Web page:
When new technologies are introduced, it takes experimentation, collaboration and problem-solving to determine how best to apply it to your customer’s challenges. Jo Crossick, Senior Engineering Manager, recently hosted an AI Hackathon with the HubSpot Flywheel Technology team to explore how ChatGPT may be able to be used as a helpful tool when solving for HubSpot’s internal use cases. Learn more from Jo below!


Often, the final point of the Agile Manifesto is perhaps the most difficult of the four: “Responding to change over following a plan”. AI is a great example of such a change. On November 30th, 2022, OpenAI launched ChatGPT and the world of software engineering changed. The question was, how to respond? At HubSpot, we use iterative and agile approaches across our entire Product & Engineering org from our company leadership and down through every team, and we’ve been pulling on our experience in this area to find a path forward.

The broader field of generative AI has come on leaps and bounds, and ChatGPT made natural-language functionality suddenly easy and accessible. HubSpot hasn't been slow to deliver AI functionality for our customers - our AI teams have already launched features such as Content Assist and ChatSpot. 

HubSpot Founder and CTO Dharmesh Shah introduces ChatSpot.ai.

Still, we want to go much further than that. AI is no longer something limited to a few specialists, but something that can be woven into the everyday life of every engineer. The Flywheel Product and RevOps teams are in a particularly good  position to experiment and learn with this new technology, since we work directly with internal users like HubSpot’s customer-facing representatives. This means we can find out first-hand what’s useful and valuable to our customers.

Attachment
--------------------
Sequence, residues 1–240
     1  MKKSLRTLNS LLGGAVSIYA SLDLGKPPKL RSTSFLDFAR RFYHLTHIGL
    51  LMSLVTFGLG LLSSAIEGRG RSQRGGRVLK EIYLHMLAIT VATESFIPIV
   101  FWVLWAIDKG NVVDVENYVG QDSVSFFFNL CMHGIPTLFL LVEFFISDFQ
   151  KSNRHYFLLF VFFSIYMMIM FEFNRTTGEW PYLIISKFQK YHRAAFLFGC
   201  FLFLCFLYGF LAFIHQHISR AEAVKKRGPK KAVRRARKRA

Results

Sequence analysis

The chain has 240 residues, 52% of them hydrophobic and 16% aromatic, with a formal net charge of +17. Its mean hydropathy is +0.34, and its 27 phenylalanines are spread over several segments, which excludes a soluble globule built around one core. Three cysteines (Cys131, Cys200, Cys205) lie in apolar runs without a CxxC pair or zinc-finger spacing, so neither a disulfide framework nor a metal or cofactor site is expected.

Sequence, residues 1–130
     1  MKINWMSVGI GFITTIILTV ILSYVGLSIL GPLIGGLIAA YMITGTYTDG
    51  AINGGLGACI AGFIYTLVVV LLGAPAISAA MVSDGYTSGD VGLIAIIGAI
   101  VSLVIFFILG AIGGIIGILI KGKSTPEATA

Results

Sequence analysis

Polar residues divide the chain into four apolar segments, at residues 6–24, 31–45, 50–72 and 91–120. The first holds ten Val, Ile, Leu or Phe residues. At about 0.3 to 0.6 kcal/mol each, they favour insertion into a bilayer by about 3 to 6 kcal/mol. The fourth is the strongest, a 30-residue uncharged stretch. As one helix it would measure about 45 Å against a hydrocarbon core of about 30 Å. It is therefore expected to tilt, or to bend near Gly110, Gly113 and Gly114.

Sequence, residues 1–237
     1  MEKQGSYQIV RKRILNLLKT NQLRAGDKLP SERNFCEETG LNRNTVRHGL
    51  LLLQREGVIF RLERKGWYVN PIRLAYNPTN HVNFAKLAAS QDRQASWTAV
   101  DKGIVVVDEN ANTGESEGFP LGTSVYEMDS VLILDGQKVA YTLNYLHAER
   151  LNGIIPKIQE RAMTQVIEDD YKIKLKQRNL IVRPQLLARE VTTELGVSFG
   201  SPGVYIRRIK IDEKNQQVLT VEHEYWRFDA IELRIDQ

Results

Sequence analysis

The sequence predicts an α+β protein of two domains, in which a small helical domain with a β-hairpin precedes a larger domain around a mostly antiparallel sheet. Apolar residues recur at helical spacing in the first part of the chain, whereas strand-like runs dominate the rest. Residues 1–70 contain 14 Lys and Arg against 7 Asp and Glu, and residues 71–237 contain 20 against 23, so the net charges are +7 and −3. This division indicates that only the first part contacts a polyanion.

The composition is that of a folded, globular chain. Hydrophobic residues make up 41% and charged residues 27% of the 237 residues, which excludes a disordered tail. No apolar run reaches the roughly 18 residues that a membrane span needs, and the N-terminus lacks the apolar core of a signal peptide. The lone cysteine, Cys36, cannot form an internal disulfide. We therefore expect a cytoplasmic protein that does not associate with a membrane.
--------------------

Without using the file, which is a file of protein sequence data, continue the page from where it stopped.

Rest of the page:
It turns out it’s pretty hard to know where to start when you’re learning a new technology. Even with encouragement from leadership for teams to experiment, it was hard to get the ball rolling. There were an almost overwhelming number of ideas, but we just didn’t have the embedded expertise to know which ones would be feasible, let alone valuable and quick to deliver. Everything from seemingly practical suggestions to wild ideas were met with the same trepidation. It was clear that the approaches and methods we were used to applying to our business and technology domain to explore and prioritize work weren’t going to serve us well in this situation.

On any learning journey, I often find that getting going is the hardest part. And it was clear that this was the situation for our teams. We needed to get out of a delivery mindset and into a learning mindset, and a hackathon was the ideal way to achieve it.

Structuring and Launching an AI Hackathon

Teams were given just 6 days to build their hack projects and were going from a standing start - virtually none of the 80 participants had prior experience of using the ChatGPT endpoints. I always love to see how quickly learning happens, especially when it’s undertaken collectively and with dedicated time and practical application. Within 2 days, not only were teams starting to get some code working, but we were also developing a collective language and shared understanding to explain our ideas and approaches.

Photo of Members of HubSpot's Flywheel Technology team at the Flywheel AI Hackathon

Photo of Members of HubSpot's Flywheel Technology team at the Flywheel AI HackathonMembers of HubSpot's Flywheel Technology team at the Flywheel AI Hackathon